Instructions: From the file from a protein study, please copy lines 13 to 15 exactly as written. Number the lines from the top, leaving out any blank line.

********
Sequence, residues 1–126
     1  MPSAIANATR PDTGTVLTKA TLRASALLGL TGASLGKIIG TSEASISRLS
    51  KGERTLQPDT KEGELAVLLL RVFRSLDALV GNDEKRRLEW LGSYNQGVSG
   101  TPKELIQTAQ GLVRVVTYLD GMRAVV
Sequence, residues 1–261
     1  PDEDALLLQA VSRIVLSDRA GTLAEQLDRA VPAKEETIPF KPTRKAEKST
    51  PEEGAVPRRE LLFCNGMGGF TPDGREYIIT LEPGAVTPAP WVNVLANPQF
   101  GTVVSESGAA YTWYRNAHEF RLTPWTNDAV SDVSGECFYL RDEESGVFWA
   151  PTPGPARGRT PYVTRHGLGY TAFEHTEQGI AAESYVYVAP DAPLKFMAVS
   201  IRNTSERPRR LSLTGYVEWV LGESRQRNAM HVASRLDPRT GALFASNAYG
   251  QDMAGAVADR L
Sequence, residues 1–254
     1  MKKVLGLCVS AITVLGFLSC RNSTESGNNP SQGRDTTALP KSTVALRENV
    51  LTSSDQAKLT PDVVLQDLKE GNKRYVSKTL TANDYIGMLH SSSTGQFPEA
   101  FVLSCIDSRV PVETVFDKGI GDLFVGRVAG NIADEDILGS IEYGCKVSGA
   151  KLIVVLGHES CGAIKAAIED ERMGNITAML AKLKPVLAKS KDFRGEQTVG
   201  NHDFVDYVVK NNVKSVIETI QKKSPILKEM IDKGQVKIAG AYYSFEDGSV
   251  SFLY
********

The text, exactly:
     1  MKKVLGLCVS AITVLGFLSC RNSTESGNNP SQGRDTTALP KSTVALRENV
    51  LTSSDQAKLT PDVVLQDLKE GNKRYVSKTL TANDYIGMLH SSSTGQFPEA
   101  FVLSCIDSRV PVETVFDKGI GDLFVGRVAG NIADEDILGS IEYGCKVSGA